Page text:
Verma had contended that the move to send him on leave amounted to removing, which he argued cannot be done without the concurrence of the high-powered committee that approves the CBI director’s appointment.

The court also heard a plea moved by NGO Common Cause, which sought a court-monitored special investigation team (SIT) probe into the allegations of corruption against various CBI officers, including Asthana. Asthana has moved the Delhi high court requesting it to quash the first information report (FIR) registered against him by the agency for allegedly accepting gratification. The high court has reserved its order.

Challenging the government’s decision, Verma’s counsel and senior advocate Fali S Nariman argued that the CBI director was appointed on February 1, 2017, and “the position of law is that there will be a fixed tenure of two years and this gentleman cannot be even transferred”. He argued there was no basis for the CVC to pass an order recommending that Verma be sent on leave.

Attorney general KK Venugopal justified the Centre’s intervention and said it was well within “its right” to send both officers on leave. “Only God knows where and how this fight between the two top officers would have ended” if the government would not have taken the action which was aimed at restoring public faith in CBI, the law officer had argued.

Finance minister Jaitley said: “The government’s action was perfectly bonafide as there were cross allegations made by both the officers and in accordance with the recommendations of the CVC. The government had felt that in the larger interest of fair and impartial investigation and credibility of CBI, the two officers must recuse themselves.”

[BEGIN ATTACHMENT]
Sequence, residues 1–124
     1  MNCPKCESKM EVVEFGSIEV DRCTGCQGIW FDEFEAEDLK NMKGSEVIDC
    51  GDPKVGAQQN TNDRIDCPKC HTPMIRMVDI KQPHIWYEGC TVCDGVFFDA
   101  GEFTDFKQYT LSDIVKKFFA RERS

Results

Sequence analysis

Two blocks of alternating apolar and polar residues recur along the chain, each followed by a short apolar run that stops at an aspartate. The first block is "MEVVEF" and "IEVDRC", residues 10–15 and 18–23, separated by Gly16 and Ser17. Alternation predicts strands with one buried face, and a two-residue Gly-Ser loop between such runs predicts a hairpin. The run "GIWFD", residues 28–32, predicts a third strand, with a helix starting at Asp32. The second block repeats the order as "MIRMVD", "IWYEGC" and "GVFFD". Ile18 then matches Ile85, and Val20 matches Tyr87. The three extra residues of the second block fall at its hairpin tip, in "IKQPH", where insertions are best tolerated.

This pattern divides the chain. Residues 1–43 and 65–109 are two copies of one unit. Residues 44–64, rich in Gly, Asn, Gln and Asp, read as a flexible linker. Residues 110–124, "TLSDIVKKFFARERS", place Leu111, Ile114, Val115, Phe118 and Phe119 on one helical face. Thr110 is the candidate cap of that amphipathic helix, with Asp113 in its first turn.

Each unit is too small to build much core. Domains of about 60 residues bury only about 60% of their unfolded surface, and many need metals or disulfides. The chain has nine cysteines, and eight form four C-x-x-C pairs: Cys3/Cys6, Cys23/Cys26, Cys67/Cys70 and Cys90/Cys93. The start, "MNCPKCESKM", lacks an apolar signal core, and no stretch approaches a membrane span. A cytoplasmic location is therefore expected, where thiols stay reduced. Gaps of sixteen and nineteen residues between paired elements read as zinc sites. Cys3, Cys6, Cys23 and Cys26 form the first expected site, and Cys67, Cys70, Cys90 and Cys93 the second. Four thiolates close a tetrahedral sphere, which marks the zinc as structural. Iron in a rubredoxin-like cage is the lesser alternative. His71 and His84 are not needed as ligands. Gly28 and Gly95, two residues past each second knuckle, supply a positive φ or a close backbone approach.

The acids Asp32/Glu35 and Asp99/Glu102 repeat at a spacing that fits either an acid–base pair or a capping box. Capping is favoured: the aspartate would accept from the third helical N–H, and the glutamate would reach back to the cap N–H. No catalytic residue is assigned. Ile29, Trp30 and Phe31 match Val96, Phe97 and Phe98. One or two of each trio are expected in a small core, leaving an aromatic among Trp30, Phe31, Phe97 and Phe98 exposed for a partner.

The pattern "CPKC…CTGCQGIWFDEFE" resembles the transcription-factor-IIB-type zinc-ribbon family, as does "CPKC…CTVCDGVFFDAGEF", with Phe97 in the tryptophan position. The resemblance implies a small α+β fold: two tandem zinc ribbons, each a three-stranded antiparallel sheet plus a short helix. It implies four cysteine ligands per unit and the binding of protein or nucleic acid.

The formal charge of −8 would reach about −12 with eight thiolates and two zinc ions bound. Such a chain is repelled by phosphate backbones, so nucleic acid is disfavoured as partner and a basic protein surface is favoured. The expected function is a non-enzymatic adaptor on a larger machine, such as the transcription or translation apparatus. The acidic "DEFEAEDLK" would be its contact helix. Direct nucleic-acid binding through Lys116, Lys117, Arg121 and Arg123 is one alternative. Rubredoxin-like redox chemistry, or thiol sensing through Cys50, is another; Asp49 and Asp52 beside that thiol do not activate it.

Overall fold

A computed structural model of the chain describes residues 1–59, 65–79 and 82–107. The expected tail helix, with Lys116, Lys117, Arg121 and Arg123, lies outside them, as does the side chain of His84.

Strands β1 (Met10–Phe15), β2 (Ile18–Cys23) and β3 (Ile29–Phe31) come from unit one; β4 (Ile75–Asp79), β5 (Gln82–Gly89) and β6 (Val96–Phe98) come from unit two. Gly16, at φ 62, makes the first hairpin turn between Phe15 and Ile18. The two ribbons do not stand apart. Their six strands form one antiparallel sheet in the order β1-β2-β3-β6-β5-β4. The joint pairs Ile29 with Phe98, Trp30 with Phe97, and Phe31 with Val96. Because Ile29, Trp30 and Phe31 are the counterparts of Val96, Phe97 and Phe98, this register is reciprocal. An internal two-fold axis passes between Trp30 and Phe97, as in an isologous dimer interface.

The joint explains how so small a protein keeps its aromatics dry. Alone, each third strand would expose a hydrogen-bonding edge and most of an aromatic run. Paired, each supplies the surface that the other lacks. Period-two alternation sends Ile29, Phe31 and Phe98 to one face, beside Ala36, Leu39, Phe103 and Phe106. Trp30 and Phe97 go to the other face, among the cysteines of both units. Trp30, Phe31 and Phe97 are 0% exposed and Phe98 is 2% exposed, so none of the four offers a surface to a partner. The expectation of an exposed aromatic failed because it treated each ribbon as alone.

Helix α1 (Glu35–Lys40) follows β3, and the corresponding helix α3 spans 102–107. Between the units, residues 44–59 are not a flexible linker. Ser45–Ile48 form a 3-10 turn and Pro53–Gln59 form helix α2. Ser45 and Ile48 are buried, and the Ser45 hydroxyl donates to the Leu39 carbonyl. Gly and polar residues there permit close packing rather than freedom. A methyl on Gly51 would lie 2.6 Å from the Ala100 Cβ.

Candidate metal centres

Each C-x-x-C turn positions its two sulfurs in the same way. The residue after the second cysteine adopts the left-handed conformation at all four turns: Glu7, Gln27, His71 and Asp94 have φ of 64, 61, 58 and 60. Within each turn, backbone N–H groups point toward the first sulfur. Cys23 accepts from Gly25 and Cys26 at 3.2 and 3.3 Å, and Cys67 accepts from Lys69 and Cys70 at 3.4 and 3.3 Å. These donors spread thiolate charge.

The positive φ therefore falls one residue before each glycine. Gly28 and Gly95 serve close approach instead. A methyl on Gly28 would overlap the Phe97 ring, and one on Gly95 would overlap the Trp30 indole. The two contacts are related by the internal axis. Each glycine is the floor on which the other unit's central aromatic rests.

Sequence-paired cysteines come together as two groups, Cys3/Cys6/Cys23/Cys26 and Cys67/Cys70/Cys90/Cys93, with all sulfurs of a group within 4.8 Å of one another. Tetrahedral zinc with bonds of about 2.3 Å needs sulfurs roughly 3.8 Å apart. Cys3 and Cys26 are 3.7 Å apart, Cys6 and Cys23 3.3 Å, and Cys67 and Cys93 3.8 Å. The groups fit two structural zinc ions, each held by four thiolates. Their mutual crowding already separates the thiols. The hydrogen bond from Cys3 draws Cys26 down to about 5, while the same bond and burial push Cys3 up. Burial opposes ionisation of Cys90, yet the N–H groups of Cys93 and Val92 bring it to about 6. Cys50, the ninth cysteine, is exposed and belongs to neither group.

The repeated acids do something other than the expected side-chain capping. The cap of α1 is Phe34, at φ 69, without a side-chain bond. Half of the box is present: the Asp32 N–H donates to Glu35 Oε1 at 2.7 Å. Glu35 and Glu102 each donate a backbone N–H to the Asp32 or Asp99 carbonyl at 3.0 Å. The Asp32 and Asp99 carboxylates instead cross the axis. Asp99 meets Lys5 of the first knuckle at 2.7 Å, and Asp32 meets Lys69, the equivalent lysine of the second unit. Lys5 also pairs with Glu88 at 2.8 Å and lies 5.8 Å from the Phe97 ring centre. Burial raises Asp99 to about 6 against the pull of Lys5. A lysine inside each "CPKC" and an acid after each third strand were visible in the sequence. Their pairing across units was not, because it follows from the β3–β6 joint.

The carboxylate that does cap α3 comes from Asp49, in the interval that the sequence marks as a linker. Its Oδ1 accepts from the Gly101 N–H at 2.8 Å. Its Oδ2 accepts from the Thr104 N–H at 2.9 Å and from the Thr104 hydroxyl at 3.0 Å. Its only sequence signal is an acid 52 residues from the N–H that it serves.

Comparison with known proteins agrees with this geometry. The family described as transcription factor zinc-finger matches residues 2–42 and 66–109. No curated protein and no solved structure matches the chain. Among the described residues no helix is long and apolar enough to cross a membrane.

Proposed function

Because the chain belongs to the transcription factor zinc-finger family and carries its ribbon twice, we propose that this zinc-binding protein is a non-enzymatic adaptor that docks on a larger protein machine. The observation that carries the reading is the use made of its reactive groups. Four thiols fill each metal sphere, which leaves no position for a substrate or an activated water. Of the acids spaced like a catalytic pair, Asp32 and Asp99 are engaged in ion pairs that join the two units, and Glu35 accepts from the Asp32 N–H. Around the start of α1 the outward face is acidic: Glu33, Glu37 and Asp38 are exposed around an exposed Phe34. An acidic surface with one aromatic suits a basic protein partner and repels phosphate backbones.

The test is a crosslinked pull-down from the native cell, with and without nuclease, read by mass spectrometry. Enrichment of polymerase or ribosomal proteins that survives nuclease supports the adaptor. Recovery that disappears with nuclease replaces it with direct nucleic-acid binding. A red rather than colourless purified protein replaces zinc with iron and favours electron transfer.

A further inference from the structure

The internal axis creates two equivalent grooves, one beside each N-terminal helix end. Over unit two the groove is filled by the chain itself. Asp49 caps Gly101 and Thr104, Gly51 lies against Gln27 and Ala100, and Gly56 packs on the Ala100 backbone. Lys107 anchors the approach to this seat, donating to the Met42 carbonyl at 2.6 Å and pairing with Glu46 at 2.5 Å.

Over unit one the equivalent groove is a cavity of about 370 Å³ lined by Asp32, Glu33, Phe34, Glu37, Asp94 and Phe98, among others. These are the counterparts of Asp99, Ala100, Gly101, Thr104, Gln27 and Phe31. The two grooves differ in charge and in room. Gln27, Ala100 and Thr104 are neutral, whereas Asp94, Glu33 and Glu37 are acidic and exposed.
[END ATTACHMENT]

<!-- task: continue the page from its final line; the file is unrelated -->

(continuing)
“The Supreme Court has upheld CBI’s dignity, honour and independence. The CBI legislation says that in matters related to corruption, the CVC has jurisdiction,” he said. “The CVC had exercised its power under the power of superintendence… If superintendence results in the chief relinquishing his powers temporarily then the jurisdiction of the committee comes into play. Therefore, the court has referred the matter to that committee to decide on that issue within one week. And in accordance with the directions of the court, it will be complied with and the government will act in the same manner. The government is not biased,” Jaitley said.

“CBI chief was removed at 1am in the night because he was about to begin an investigation in the Rafale scam. Now that he has been reinstated, some justice has been done. Now let’s see what happens,” Congress president Rahul Gandhi alleged. He was referring to the government’s R59,000-crore purchase of French-made Rafale jet fighters in which the Congress has alleged corruption.

Party leader in the Lok Sabha Kharge also welcomed the Supreme Court order saying it was a “lesson for the government”. Kharge has separately petitioned the Supreme Court against the midnight order removing Asthana, saying that he, being a member of the selection panel that appoints a CBI chief, be heard before any order is passed.

Delhi chief minister and Aam Aadmi Party (AAP) chief Arvind Kejriwal tweeted, “SC reinstating CBI director Alok Verma is a direct indictment of the PM. Modi govt has ruined all institutions and democracy in our country. Wasn’t CBI director illegally removed at midnight to stall the probe in Rafale scam which directly leads to PM himself?”

The government has repeatedly denied Congress’s allegations of wrongdoing and corruption in the Rafale deal.